|HOME | ATTORNEYS | DIRECTIONS | CONTACT US ||
McGunagle, Reidy & Hentz, Ltd.
2088 Broad Street, Cranston, RI 02905-3342
PH: 401.941.2088 - FAX: 401.941.0017
A Business Lawyer In New Orlean Business Law And Operation Tips Business Law Attorneys Business Law and Commercial Solicitors Business Law and Law Firm Business Laws Basics Business Laws For Small Businesses Business Laws Unveiled Business Litigation Commercial Law Payment Commercial Loan Modification Success Tips Commercial Refinancing Commercial Transactions Gone Bad Commercial Transactions Money Laundering Company Law Services Company and Business Laws Differences Between Family Solicitors Direct Commercial Funding Review Employment Law Florida Real Estate Lawyers History Of Business Law Degree How Can Attorney Help You How To Choose LLM Business How To Finance YourBusiness How To Get Investment Money How to Make Commercial Transactions Immigration and Business Law Important Facts About Commercial Mortgages Important Points to Know Intercompany Business Transactions And Relationships International Commercial Arbitration - Law Late payments in commercial transactions Laws Surrounding Online Pharmacy Business Legal For Trade Scale Managing Business Law Ntep Scale Assurance Of Quality Role of Commercial Law Firms Salespeople Must Understand the Fundamental Principles Small Business Law and Their Issues Specialists Navigating the Legal Minefields Startup Law 101 The Best Business Law Books The Law Of Attraction The Necessity of Business Law Things You Should Consider Listing US Commercial Mortgage Basics Finance Using Your Slow Paying Invoices Walker Commercial Fundings Experience What Commercial Law Deals With What Constitutes A Breach Of Contract What Is Business Law What Is the Checklist What You Need To Know About Business What You Need to Know Where to Go For Training Why to Have a Trusted Probate Work With The Best Real Estate
Startup Law 101 Series - What Every Entrepreneur Should Know About Business LawThe Startup Law 101 Series is aimed at educating founders and entrepreneurs about the basics of startup business law.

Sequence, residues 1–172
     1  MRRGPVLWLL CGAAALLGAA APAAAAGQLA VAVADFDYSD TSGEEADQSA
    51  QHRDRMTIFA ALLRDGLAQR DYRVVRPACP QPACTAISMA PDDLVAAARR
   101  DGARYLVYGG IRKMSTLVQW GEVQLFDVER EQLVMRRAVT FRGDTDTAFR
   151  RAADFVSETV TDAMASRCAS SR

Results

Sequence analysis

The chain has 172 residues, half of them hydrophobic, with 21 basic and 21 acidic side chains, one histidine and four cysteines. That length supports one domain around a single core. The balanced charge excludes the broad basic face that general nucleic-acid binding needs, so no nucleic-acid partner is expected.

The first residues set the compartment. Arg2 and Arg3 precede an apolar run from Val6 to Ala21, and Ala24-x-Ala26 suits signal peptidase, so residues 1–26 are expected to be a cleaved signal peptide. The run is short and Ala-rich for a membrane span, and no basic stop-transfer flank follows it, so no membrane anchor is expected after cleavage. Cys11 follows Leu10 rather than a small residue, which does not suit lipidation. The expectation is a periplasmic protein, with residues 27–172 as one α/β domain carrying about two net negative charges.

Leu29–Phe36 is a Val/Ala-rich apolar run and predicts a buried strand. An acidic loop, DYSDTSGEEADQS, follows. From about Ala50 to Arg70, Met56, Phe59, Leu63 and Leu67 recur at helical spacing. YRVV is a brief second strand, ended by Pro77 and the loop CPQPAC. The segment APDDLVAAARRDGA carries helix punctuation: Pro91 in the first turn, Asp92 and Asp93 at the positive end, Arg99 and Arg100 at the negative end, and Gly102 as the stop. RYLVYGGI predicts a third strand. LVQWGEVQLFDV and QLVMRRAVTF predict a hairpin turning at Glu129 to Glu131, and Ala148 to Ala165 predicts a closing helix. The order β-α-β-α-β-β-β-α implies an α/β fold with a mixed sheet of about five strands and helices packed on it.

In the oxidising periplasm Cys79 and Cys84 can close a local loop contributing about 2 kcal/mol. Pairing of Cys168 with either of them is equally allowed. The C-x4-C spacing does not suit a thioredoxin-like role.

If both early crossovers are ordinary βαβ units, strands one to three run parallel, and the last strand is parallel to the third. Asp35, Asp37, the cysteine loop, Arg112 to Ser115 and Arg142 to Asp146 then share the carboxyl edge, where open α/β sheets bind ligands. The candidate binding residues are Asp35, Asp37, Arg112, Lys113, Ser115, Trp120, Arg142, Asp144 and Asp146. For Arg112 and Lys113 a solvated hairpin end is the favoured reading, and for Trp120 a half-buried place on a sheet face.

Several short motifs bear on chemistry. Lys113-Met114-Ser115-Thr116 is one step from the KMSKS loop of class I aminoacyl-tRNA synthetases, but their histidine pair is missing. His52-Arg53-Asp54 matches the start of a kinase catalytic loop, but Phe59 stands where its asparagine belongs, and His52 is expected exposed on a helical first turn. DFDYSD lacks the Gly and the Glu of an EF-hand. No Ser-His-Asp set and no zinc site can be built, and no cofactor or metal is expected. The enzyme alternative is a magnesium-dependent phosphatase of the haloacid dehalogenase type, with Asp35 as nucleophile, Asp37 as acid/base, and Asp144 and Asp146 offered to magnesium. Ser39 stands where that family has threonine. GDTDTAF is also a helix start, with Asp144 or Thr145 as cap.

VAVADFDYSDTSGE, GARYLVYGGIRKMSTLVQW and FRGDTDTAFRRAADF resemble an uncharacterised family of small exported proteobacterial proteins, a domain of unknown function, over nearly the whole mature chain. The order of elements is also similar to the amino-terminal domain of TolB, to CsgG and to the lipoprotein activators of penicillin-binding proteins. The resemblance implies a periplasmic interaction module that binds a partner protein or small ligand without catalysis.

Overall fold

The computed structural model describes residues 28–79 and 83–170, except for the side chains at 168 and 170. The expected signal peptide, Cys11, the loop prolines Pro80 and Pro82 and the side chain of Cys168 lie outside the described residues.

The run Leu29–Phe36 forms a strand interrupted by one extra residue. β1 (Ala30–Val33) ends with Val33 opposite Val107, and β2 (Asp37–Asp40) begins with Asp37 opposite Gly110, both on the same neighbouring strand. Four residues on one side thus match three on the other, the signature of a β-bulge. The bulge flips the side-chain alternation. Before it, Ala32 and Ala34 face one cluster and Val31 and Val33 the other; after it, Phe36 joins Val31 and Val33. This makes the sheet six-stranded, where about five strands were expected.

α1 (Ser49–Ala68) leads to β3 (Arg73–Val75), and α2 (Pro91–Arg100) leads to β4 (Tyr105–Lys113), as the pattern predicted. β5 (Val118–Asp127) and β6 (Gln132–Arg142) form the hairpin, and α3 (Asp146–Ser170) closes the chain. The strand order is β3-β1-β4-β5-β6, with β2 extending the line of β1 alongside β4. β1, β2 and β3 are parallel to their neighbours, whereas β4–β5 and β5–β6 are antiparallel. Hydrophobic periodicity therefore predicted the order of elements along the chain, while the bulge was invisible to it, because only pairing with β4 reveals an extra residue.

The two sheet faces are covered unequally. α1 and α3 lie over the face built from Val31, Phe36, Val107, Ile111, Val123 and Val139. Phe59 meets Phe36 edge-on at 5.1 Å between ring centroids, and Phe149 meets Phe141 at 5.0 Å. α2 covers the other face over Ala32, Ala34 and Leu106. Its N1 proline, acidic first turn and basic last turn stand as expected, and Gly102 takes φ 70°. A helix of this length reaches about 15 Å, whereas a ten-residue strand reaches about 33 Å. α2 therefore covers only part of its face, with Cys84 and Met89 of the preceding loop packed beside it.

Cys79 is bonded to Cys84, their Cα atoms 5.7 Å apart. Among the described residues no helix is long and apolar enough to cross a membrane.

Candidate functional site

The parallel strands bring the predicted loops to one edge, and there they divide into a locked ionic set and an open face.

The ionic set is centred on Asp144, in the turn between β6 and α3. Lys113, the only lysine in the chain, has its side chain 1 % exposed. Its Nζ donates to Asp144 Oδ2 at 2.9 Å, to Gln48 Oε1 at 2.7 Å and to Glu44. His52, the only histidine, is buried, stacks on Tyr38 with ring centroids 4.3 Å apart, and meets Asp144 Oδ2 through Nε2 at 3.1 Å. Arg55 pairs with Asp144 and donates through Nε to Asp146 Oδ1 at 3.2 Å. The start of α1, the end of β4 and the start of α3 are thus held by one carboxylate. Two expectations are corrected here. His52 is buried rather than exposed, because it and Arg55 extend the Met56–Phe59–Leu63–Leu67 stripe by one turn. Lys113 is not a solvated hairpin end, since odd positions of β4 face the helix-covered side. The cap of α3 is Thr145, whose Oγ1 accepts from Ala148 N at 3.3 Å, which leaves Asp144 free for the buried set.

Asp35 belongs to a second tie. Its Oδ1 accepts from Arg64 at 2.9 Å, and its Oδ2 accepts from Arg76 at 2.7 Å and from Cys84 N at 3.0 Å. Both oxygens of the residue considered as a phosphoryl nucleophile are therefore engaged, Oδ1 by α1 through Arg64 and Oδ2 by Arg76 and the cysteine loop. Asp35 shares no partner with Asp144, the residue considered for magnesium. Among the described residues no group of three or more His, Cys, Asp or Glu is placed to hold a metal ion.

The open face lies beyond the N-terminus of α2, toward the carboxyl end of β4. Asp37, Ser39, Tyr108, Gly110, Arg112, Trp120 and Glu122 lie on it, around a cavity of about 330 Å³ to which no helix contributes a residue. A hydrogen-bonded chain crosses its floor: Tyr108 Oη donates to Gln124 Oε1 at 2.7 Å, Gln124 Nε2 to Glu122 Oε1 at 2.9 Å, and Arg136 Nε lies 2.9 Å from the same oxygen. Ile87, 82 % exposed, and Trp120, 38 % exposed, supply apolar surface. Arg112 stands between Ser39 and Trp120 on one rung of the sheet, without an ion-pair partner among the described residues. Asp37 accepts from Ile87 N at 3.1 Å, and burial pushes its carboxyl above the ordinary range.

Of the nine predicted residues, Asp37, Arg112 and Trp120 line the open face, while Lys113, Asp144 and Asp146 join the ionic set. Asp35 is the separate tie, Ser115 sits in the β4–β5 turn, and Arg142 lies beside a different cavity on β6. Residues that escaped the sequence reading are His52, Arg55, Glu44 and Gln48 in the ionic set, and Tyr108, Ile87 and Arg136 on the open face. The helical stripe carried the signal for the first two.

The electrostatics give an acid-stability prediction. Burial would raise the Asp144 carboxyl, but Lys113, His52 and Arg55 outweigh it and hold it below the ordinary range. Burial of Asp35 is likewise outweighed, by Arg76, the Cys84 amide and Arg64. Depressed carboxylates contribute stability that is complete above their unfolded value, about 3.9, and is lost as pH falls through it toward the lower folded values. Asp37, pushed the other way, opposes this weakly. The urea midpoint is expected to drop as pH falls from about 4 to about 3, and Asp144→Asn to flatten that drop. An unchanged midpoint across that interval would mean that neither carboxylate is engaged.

Here are my suggestions on this important question.
1. Law is fundamentally a specialty field and entrepreneurs should leave it, for the most part, to the specialists when it comes to technical details.
This part can't be emphasized enough. Law is a maze of complexities. If you, as an entrepreneur, try to master it at that level, you will be an unusual entrepreneur if you are not quickly discouraged into abandoning the effort altogether.
2. Entrepreneurs can feel trapped, though, by specialists who hem them in and sometimes abuse them. Lawyers have been known to attempt to capitalize on the "fear, uncertainty, and doubt" (FUD) factor that can be used to scare up business where none legitimately exists. So it can be unsafe to leave everything to the specialists without being informed about their proper role and without being proactive in managing their activities as your hired agents.
3. Entrepreneurs should attempt to gain a working knowledge of the law as it affects their companies. The emphasis here is on "working." This is not a technical knowledge. This is not about going to law school or about learning to think like a lawyer. It is about trying to get the equivalent know-how about law that a serial entrepreneur might have -- it is about knowing the decision points and the main factors that affect those decisions so that you can manage a lawyer's efforts in giving you technical assistance on those points. It is about learning the fundamentals of how companies are formed, funded, managed, and sold. It is about understanding how deals work within a company context. As an entrepreneur, you don't have to know how these things work beyond following the advice of your lawyers. But you will be far sharper if you do. You can be led by the professionals or you can actively manage their efforts, even while using their expertise, to help achieve your goals.
4. Therefore, though law is fundamentally boring for most entrepreneurs, the smart ones attempt to educate themselves in this area as needed to achieve the goal of being effectively proactive in working with lawyers and of being able to use the law effectively to further their business goals.
5. What does this investment of time and effort get you? It will educate you on how to use the law to help protect yourself from liability risks relating to your business. It will improve your ability to plan effectively for your company's launch and growth. Finally, it will save you money because it will improve your ability to manage the time of your lawyers.
привтикMcGunagle, Reidy & Hentz, Ltd.
2088 Broad Street
Cranston, RI 02905
401-941-2088 | Fax 401-941-0017